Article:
Executive director Abdulrazak Badru disclosed this yesterday in Dar es Salaam where he revealed an increase in the repayment of loans from graduates.
“We have managed to collect Sh130bn in a period of nine months in the 2017/2018 financial year, up from Sh28bn we collected the previous year,” he said.
He told the HESLB labour council that in the 2018/2019 financial year the government has allocated Sh427bn in student loans to be issued to 120,000 students.
According to him, the pace of collecting matured loans from beneficiaries had increased tremendously, saying the board had already completed the procedure for issuing loans to diploma students, the procedure for which will be announced at the end of this month.
Badru said the government, through HESLB, has successfully increased the number of loan beneficiaries from 28,383 first year students in 2016/2017 to 33,941 students this 2017/2018 financial year.
Earlier, permanent secretary in the ministry Education, Science, Technology and Vocational Training Dr Leonard Akwilapo told HESLB staff to work had, embrace integrity and cooperation if they wanted to achieve.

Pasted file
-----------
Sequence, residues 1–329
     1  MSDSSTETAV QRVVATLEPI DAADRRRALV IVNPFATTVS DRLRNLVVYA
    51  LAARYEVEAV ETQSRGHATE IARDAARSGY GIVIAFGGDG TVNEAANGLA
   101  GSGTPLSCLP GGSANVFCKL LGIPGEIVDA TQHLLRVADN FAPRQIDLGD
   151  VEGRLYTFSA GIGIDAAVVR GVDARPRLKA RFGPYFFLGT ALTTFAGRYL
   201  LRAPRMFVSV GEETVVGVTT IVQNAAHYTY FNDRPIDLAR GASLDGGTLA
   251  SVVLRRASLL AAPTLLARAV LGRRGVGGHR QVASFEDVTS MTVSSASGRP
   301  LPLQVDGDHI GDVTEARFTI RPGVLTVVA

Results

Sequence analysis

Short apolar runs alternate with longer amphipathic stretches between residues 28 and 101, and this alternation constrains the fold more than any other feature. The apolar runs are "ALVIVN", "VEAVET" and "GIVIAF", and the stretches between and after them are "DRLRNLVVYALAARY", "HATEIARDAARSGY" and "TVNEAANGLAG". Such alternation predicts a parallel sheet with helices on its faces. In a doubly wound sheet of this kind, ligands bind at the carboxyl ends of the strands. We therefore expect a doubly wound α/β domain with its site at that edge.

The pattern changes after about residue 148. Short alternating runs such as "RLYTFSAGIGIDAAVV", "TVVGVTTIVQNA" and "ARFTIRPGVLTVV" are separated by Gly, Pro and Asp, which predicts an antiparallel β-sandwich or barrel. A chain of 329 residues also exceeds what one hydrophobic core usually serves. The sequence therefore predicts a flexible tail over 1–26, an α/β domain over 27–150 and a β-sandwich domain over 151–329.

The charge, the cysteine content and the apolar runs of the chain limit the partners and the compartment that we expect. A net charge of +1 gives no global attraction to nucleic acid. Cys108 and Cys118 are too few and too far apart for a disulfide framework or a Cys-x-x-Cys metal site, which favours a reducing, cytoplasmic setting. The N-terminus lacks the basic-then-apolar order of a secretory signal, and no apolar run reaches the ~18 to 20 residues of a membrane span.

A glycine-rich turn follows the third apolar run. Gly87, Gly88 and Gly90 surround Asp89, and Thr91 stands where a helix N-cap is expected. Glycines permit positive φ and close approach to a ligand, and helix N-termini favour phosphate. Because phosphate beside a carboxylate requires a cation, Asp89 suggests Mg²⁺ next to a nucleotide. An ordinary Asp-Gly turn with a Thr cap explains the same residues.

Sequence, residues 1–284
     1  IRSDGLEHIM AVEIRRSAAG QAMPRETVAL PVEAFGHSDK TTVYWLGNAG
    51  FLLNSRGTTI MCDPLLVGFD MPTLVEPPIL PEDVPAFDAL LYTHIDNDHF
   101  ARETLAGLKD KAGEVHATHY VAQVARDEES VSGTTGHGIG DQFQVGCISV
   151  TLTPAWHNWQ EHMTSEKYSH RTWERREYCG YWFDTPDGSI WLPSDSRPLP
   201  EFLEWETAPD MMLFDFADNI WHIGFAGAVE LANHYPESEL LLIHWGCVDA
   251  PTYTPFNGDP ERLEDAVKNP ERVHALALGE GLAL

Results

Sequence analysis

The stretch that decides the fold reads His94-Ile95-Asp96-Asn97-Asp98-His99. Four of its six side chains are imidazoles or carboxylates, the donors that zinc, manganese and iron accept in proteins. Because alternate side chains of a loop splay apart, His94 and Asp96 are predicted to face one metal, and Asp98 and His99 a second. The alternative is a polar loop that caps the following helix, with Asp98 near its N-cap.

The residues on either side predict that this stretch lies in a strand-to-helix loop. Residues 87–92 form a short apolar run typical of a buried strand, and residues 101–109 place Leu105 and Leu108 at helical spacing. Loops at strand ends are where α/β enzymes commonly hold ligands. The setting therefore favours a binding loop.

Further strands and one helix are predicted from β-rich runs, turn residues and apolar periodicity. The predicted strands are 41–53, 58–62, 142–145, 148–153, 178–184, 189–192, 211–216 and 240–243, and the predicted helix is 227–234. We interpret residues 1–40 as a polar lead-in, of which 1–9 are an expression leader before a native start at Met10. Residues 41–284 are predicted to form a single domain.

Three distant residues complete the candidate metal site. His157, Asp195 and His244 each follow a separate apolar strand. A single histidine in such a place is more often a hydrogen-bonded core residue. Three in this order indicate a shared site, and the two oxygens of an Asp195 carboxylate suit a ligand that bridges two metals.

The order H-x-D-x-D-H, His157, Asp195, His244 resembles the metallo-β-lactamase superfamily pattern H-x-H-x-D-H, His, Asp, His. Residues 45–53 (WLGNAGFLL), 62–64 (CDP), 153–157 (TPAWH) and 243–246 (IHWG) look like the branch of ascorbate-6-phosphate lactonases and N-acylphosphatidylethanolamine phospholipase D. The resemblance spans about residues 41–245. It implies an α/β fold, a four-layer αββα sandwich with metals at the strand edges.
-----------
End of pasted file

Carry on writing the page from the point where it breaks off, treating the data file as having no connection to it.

The PS directed the labour council to ensure there was discipline and ethical conduct at the workplace.
The PS also congratulated them for good work in collecting loans effectively.
“A performance audit on the management of payment and recovery of Higher Education Student Loans by the Controller and Auditor General (CAG) states that HESLB had 163,394 loan defaulters, but the board’s records indicate that there were only 18 individual defaulters,” the PS said.
Only two individual defaulters have been arraigned in court during the past two years.
It stated that, there were 70 employers who were charged with late payment or non-deduction penalties.
The total penalties for all the 70 employers amounted to Sh267.5million. However, HESLB managed to collect 21 per cent of the penalties from employers totaling Sh57million, according to the report.
According to data analysis from HESLB over a five-year period by March last year, two in three students who applied for a loan in 2016/17 missed it, the highest figure to be recorded.
However, the government stressed that the funds were for needy Tanzanian students and not everyone who applied would get them.
It insists that education financing is exclusively the responsibility of parents and guardians, a trend which forced a significant of students from poor backgrounds to drop out or postpone their studies as they looked for other sources of funds.
By 2012/13, the number of students accessing loans increased almost every year, with an average of three out of 10 applicants missing out, which has since changed.